Perhaps it was because some of the characters were so bland that they simply weren't memorable.

I was expecting quirky and neurotic characters; after all, many a mid-western college is filled with just those kinds of characters. I should know, I've been colleagues with enough of them. (I'm pretty sure I might have been labeled as quirky and perhaps even neurotic by some of my fellow colleagues, but that is another story altogether.)

I found myself wanted to simply quit reading, but I plowed on and FINALLY finished.

So, why doesn't the book have a lower star rating?

Well, frankly, the writing was good. Some of Smiley's descriptions of small-town college life were spot on, especially here laying out of the financial finagling that can occur with financing and budget cuts and trying to get grand monies. She also had some great descriptions of faculty meetings and the machinations that occur not only within the meetings but behind the scenes as everyone positions for power (i.e. tenure).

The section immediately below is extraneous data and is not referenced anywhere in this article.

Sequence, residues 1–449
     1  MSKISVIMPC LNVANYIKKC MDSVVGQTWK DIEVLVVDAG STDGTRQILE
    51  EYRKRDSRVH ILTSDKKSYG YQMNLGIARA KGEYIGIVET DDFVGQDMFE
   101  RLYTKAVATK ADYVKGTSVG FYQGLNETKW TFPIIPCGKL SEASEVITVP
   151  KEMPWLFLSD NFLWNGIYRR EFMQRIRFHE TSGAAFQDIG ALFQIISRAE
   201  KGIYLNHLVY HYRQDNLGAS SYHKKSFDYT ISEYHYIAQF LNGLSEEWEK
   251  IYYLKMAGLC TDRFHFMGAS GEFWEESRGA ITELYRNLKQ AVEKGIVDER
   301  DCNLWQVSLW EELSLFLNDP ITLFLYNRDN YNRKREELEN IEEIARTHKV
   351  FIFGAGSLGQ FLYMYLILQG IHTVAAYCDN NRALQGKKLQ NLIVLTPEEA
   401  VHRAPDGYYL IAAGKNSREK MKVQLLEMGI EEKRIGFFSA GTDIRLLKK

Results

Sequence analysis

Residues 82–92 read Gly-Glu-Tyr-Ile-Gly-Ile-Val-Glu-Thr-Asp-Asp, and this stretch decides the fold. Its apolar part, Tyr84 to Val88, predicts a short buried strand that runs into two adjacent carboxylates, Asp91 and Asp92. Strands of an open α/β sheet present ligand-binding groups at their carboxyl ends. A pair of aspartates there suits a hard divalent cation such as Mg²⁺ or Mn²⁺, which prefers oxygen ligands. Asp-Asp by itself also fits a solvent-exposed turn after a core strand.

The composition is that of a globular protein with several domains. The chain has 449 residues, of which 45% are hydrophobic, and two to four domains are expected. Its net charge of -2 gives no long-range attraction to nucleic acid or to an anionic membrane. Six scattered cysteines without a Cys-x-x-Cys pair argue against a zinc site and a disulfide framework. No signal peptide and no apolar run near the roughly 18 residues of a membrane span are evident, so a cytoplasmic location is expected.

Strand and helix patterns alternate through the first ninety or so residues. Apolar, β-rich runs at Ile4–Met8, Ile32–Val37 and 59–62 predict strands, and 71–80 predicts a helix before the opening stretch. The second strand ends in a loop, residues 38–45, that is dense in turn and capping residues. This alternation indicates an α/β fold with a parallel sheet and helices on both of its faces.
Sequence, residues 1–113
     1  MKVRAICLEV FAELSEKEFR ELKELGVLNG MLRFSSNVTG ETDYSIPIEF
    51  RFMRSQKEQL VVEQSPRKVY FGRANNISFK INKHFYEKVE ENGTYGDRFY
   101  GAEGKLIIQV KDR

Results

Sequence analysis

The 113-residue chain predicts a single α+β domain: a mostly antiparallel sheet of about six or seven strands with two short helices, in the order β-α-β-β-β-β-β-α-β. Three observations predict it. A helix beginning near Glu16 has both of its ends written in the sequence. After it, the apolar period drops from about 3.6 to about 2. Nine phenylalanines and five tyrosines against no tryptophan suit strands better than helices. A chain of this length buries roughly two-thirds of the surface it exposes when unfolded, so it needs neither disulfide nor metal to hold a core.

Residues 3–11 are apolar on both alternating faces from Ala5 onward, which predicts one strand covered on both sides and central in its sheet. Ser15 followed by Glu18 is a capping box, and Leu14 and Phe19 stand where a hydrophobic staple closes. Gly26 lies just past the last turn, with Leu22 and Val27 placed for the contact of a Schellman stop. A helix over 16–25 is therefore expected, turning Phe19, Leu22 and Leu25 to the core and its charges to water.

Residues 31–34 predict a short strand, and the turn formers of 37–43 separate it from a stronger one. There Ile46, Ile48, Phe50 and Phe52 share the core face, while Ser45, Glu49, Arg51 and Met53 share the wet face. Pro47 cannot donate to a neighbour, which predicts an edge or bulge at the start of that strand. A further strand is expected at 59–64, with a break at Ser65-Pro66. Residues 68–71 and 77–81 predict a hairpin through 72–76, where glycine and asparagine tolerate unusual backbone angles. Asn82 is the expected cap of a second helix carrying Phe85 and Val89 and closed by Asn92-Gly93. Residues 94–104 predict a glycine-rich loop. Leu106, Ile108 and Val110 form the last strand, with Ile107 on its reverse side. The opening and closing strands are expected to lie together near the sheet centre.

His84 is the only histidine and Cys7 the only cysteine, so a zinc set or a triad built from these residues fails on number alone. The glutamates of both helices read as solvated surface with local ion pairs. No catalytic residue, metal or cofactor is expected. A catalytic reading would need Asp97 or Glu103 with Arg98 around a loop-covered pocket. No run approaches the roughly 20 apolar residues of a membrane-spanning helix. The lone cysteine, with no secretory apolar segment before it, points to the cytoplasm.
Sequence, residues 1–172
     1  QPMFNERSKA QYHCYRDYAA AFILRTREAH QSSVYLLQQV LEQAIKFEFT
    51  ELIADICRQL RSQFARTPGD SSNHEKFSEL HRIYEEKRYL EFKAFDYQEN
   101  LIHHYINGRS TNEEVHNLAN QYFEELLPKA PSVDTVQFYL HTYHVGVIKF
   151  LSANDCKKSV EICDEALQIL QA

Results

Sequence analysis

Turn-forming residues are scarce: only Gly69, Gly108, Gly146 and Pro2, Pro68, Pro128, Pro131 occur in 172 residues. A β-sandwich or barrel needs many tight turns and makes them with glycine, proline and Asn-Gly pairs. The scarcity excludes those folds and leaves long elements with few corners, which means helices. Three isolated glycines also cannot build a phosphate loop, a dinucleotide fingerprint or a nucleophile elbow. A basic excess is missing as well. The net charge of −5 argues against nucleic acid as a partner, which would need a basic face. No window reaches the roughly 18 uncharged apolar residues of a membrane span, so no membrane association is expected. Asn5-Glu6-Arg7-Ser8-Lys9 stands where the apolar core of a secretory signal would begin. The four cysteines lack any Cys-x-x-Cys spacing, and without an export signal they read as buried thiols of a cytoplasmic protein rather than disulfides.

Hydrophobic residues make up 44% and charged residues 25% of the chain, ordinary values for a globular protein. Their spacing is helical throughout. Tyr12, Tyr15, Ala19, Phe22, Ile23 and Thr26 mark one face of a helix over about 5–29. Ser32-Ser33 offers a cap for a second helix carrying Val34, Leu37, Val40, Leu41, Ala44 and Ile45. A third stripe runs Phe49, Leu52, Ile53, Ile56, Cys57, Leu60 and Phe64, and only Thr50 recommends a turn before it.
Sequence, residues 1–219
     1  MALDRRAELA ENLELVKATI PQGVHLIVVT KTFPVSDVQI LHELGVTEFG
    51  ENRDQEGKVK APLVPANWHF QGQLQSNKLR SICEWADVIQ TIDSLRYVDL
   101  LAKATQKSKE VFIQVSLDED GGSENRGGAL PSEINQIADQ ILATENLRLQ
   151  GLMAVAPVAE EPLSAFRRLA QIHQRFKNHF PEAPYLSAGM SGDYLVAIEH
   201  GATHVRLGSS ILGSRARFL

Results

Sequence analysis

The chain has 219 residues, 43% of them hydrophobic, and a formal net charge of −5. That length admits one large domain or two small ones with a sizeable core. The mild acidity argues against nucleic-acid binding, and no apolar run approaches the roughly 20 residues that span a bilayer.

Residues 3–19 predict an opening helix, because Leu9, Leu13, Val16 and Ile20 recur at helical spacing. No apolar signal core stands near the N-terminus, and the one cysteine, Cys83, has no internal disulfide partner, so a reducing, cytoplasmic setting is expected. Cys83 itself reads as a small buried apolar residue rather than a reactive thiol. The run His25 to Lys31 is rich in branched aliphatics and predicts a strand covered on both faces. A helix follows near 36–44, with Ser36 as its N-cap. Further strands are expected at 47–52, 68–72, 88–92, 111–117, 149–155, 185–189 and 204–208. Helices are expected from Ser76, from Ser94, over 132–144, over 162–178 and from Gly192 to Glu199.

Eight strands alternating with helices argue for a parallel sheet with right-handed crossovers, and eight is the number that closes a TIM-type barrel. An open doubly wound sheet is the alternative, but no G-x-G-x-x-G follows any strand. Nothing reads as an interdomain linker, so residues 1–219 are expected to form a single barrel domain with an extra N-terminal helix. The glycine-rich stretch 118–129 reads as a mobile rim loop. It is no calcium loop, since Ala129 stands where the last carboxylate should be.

I just wish the book had been more engaging as a whole. If found myself wondering how I would write this review because as I sat down to write it, I found myself thinking "so, what exactly was that book really about" because not too much of it stuck with me in the end.
( )
  slpwhitehead | Jan 17, 2016 |
Moo was one of those books that I was so sure I would enjoy that I was really looking forward to reading it. I thought that since I have been in the field of higher education as lecturer/professor for the last 17 years and before that as a college student and graduate student, I would find it insightful, funny, and entertaining.